What comes to your mind when you hear the word “patterns”?
Many may instantly think of a quilt, a bolt of pretty fabric, an area rug or possibly some decorative wallpaper. If we think about it patterns exist all around us, and not all patterns are visible. As I type these words I can hear the consistent “tick-tock” of the grandfather clock that stands across the room and the repetitive song of a robin outside my window.
Patterns are often comforting like the sweet, soothing rhythms of the breathing of a sleeping baby cradled safely in your arms. Some patterns may be dangerously hypnotizing too. Most of us have personally experienced the dulling of the senses that overtakes the focus of road-wearied drivers as they slowly become mesmerized by the endless parade of passing lane lines on a darkened highway. Even in bright daylight patterns can be deceptive. In my former life in the field of traffic engineering there was a condition known as an”expectancy violation.” It referred to those situations where a roadway ran parallel to an object like a long fence (similar to those found around a military base or an airport). Studies showed that drivers were more likely to drive off the pavement when the roadway eventually curved but the roadside fence continued on in a straight line. Their minds had expected the road to continue along the fence line and when that expectation was violated accidents happened, even in dry, daylight conditions. Roadways meeting that criteria often need additional signage to alert and refocus the motorist.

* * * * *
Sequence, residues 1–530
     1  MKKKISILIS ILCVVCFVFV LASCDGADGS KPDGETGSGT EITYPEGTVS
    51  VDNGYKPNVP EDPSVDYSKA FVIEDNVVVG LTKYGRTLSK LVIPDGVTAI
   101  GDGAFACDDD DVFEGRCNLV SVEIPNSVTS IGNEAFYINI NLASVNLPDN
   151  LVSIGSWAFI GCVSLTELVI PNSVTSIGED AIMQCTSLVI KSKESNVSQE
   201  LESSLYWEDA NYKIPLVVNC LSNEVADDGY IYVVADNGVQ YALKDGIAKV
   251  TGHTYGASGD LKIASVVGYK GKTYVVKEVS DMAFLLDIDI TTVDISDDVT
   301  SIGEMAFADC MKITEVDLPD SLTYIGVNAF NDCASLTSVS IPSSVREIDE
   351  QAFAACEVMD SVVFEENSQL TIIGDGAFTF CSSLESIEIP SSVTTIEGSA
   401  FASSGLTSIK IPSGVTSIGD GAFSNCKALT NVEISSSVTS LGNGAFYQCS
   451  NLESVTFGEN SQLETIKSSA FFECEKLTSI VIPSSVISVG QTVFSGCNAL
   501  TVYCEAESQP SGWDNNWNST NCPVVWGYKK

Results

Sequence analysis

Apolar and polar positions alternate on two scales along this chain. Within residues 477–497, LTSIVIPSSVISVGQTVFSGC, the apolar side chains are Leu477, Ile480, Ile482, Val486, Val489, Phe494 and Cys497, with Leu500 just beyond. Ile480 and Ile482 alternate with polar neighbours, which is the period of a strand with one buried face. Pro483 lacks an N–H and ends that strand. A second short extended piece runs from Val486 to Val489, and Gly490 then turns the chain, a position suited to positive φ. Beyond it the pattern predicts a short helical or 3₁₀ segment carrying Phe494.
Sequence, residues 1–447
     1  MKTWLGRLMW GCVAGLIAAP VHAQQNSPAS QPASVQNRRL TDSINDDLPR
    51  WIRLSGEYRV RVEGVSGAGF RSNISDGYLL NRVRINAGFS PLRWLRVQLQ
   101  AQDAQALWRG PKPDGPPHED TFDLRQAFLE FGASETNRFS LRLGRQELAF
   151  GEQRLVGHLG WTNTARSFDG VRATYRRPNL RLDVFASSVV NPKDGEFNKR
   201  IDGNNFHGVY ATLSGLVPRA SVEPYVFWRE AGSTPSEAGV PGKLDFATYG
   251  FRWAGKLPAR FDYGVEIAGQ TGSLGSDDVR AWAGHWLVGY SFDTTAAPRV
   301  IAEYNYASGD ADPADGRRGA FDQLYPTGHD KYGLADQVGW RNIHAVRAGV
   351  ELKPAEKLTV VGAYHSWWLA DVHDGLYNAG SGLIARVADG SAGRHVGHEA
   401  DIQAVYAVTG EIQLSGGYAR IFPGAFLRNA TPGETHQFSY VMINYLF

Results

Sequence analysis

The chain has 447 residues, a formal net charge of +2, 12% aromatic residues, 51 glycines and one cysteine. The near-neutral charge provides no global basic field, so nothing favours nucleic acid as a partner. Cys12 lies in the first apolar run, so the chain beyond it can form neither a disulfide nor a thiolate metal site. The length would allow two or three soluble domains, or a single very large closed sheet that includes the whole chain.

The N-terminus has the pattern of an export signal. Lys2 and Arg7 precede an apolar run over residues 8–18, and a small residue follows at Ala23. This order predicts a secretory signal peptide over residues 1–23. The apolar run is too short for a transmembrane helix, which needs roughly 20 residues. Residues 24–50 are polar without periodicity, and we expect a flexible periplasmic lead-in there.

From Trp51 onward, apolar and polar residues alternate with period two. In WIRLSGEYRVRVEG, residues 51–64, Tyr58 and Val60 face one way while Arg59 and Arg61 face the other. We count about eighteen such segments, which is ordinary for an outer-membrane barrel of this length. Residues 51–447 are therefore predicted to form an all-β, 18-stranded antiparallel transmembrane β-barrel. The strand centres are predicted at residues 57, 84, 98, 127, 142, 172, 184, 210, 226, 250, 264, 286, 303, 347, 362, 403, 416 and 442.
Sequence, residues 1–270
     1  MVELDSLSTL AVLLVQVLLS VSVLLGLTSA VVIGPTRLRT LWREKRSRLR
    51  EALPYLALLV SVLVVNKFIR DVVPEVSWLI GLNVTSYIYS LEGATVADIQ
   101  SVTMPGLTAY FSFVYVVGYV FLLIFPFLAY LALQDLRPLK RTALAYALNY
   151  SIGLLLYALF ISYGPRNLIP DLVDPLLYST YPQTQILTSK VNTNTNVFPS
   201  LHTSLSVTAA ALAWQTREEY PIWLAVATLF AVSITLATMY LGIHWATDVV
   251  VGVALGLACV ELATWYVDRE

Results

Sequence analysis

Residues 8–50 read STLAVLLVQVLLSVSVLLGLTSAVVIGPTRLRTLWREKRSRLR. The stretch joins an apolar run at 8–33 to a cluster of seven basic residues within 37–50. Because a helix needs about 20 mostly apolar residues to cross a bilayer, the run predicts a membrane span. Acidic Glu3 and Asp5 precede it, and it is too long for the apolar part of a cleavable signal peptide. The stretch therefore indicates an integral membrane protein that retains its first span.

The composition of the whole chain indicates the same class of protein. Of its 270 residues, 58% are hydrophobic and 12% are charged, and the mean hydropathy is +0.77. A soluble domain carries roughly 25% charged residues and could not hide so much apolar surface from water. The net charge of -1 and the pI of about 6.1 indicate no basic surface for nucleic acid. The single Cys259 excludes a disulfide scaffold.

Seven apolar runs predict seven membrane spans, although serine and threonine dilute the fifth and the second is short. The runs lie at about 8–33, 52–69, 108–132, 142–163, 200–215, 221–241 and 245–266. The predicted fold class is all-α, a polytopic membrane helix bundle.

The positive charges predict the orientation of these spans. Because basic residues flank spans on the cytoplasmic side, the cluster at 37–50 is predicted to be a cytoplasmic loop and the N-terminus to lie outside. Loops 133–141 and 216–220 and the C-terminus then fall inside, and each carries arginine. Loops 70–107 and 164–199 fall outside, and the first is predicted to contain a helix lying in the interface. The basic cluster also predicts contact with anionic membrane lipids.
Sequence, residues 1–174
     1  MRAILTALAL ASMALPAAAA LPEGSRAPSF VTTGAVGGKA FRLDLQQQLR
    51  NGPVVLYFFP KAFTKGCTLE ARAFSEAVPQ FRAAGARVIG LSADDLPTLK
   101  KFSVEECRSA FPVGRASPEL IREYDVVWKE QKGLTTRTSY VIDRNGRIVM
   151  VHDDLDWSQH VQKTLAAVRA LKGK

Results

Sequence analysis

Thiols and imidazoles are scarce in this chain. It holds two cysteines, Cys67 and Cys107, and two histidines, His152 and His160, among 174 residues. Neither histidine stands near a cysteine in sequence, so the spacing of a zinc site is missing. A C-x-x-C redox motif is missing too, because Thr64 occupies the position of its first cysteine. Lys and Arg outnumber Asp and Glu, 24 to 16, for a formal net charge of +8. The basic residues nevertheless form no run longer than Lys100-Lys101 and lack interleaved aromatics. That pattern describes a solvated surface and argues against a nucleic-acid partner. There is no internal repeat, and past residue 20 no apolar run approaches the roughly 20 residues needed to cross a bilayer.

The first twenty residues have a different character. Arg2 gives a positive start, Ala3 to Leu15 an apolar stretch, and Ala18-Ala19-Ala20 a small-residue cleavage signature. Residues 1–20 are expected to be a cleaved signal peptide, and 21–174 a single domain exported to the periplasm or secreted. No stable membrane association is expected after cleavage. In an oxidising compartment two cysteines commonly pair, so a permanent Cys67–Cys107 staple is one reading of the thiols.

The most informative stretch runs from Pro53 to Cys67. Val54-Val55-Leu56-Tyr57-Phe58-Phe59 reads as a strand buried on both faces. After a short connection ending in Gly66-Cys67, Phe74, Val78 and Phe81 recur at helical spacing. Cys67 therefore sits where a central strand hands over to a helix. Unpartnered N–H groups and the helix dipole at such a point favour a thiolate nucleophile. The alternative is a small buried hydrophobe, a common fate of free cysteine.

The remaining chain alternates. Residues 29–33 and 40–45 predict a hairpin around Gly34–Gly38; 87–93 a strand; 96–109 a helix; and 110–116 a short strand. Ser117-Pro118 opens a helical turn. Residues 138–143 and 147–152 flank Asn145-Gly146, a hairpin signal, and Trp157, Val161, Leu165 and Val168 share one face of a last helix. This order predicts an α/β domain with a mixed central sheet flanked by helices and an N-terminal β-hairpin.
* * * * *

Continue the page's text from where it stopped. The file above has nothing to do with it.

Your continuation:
Patterns. They are all around us. In life we sometimes refer to patterns as routines. Alarm clock buzzes, hit the snooze button, alarm clock buzzes, hit the off button, long sigh, feet on the floor, scratch whatever is itching, stumble and grumble to the bathroom… Patterns surround us each and every day and some are more welcomed than others.
Roger reminded me of this fact yesterday when he posted this image on Facebook.
This is Jim sitting on one of his favorite perches keeping a protective eye on his domain. During the nesting season he is seldom seen here as he and Cindy are busy incubating, brooding, guarding, hunting and feeding the eaglets. Now that the youngsters are flying his pattern is changing. From this perch he can view the deep recesses of the well field where our eagle family spends most of its time each July, but he can also view Eagle Lake. This is the largest lake in the well field and is just across the fence from Ohio Route 4, east of Harshman Road. Eagle Lake is where the juveniles will hone their hunting skills over the next several weeks.
I find it reassuring to see this familiar transition to his new pattern taking place. The last several months have been demanding on Jim and Cindy. Any parent can relate to the demands of caring for infants and toddlers. But they are now entering a time when the young ones are growing in ability, self-reliance and independence (another pattern) which means less stress for Mom and Dad.
Lisa has even reported seeing both adults and at least one of the juveniles along Eagle Lake! Juveniles are much harder to spot especially from a passing car traveling at 60 miles per hour. Even though they are the same size as the adults and their distinctive, upright posture is hard to mistake if they are perched atop a tree, without the bright white head and tail feathers of Mom and Dad they blend into the background when they are perched somewhere lower.
Past patterns have proven that the juveniles will slowly begin to make more and more public appearances around Eagle Lake, eventually crossing Harshman Road to fish the waters of Eastwood. I hope to be able to post additional images of the youngsters soon as I keep you updated on Jim and Cindy’s unfolding adventure.
It is a challenge to relate their annually repetitive story in a new way each year. (Although bare statistics fascinate me, I have found that they bore most people.) That is one reason why I appreciate patterns. They add color, comfort and familiarity to our lives even when they are actually repeating the same thing over and over again and again and again.